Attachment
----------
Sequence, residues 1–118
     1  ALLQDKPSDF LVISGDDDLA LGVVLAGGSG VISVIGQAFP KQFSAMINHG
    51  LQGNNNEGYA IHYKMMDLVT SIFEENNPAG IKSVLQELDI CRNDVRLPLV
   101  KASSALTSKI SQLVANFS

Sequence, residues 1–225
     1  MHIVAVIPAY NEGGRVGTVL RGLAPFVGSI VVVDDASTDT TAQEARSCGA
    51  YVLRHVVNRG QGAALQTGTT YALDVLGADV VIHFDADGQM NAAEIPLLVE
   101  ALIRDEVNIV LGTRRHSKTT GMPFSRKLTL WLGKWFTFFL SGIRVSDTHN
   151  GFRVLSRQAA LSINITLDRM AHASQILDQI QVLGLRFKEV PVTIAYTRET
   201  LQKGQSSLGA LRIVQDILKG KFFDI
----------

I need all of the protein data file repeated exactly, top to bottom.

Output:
Sequence, residues 1–118
     1  ALLQDKPSDF LVISGDDDLA LGVVLAGGSG VISVIGQAFP KQFSAMINHG
    51  LQGNNNEGYA IHYKMMDLVT SIFEENNPAG IKSVLQELDI CRNDVRLPLV
   101  KASSALTSKI SQLVANFS

Sequence, residues 1–225
     1  MHIVAVIPAY NEGGRVGTVL RGLAPFVGSI VVVDDASTDT TAQEARSCGA
    51  YVLRHVVNRG QGAALQTGTT YALDVLGADV VIHFDADGQM NAAEIPLLVE
   101  ALIRDEVNIV LGTRRHSKTT GMPFSRKLTL WLGKWFTFFL SGIRVSDTHN
   151  GFRVLSRQAA LSINITLDRM AHASQILDQI QVLGLRFKEV PVTIAYTRET
   201  LQKGQSSLGA LRIVQDILKG KFFDI